Also keep in mind that the hand stays in the same position the whole time relative to the arm. At the top of the snatch the palm of the hand would be facing forward and you are pronated. On the way down this stays the same with zero rotation at all (please note this is for RKC/Hardstyle snatches not Girevoy Sport techniques designed to increase efficiency and spare the grip). At its midpoint, roughly level with the bottom of your ribcage, the hand is still in this same position facing down. At the bottom position it may be slightly internally rotated, but still pronated and facing behind you.
Kettlebells are good for some things and not so good for others. High repetition ballistics is one of the things they’re really good for. Even a moderate weight adds up to a significant workload very quickly. Twenty snatches on the minute with a 24kg bell adds up to 2400kg of load overhead in five minutes. There are not many activities you can do that will allow you to work so hard. This makes the kettlebell snatch a great choice for adding conditioning while simultaneously strengthening the body.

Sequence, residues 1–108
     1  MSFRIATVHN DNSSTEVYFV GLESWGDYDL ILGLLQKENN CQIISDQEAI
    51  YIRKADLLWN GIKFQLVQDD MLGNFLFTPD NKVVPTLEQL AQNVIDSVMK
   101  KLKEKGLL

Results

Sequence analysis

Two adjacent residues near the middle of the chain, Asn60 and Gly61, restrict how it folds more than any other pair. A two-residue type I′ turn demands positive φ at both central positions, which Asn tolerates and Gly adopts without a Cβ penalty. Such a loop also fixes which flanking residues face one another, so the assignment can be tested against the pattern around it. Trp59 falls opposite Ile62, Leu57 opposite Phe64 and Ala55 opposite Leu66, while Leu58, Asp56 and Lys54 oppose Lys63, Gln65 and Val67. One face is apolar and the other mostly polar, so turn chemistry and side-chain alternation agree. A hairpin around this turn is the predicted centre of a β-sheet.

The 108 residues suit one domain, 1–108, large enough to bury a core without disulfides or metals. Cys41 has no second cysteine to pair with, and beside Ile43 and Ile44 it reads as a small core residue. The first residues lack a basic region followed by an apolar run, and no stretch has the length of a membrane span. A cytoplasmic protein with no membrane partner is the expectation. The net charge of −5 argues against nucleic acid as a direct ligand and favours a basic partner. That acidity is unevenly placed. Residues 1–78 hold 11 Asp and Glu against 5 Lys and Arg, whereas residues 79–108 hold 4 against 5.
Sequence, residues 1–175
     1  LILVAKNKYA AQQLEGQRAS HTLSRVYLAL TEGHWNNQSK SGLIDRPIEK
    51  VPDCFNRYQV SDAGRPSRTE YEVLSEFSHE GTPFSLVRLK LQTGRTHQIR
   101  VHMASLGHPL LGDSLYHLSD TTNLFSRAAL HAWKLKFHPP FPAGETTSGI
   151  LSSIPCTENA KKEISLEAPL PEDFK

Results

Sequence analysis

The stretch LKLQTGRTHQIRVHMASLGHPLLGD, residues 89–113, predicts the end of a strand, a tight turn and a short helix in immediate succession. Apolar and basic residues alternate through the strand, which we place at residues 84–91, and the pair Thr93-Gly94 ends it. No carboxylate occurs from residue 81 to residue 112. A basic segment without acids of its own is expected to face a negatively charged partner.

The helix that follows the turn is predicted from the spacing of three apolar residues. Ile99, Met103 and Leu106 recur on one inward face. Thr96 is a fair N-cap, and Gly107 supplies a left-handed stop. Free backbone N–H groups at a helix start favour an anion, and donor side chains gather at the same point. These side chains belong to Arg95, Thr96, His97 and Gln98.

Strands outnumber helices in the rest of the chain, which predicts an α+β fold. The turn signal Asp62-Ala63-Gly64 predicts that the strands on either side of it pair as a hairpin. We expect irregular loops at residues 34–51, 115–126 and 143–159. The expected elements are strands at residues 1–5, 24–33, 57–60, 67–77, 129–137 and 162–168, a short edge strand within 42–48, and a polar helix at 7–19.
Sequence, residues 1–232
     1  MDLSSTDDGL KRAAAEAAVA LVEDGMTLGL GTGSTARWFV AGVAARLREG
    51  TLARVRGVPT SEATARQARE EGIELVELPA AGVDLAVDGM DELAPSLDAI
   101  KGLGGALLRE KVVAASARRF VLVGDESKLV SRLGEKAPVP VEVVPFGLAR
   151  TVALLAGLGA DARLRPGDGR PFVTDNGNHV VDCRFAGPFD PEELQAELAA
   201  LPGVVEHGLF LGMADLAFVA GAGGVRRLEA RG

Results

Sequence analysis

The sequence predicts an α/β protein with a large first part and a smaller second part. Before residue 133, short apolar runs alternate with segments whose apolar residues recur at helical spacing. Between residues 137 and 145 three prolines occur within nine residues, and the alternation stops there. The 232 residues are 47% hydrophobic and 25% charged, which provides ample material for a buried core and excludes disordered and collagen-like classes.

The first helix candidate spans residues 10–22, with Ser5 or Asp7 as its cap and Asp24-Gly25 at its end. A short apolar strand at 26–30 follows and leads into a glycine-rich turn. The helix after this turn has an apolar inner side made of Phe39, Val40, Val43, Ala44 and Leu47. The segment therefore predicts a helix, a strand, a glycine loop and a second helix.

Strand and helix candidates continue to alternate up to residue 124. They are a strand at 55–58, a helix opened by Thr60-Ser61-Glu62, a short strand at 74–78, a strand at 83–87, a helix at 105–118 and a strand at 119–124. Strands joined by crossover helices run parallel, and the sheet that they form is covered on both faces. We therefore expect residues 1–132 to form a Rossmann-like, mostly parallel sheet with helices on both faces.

Just don’t rush into it. Take your time on the other moves – the longer you wait the easier it will be to learn the snatch and the better you will do it, meaning more productive training.
Learn the six basics RKC exercises: